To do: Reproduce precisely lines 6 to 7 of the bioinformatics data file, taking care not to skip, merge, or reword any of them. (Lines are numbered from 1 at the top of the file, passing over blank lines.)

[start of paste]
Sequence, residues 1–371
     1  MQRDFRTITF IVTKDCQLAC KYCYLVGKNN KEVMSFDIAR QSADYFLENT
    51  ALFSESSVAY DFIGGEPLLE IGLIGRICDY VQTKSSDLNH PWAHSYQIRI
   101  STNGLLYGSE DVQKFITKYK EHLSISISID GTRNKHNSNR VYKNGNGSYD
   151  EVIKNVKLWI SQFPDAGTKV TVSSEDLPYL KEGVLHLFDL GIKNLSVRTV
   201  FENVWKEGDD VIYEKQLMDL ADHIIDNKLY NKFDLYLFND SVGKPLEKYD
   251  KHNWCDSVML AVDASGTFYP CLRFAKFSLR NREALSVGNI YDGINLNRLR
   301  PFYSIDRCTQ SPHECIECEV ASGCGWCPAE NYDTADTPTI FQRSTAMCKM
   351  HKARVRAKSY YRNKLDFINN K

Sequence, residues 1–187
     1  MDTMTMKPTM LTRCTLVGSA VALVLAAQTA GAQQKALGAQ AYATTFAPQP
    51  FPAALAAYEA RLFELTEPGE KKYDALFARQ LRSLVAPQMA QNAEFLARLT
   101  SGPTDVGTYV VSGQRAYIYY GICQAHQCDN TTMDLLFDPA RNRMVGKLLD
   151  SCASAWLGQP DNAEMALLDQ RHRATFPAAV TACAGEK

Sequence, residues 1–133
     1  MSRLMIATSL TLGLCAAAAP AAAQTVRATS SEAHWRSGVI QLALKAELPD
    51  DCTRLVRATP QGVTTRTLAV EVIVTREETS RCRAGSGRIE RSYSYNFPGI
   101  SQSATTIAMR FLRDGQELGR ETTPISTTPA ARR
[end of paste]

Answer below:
   201  FENVWKEGDD VIYEKQLMDL ADHIIDNKLY NKFDLYLFND SVGKPLEKYD
   251  KHNWCDSVML AVDASGTFYP CLRFAKFSLR NREALSVGNI YDGINLNRLR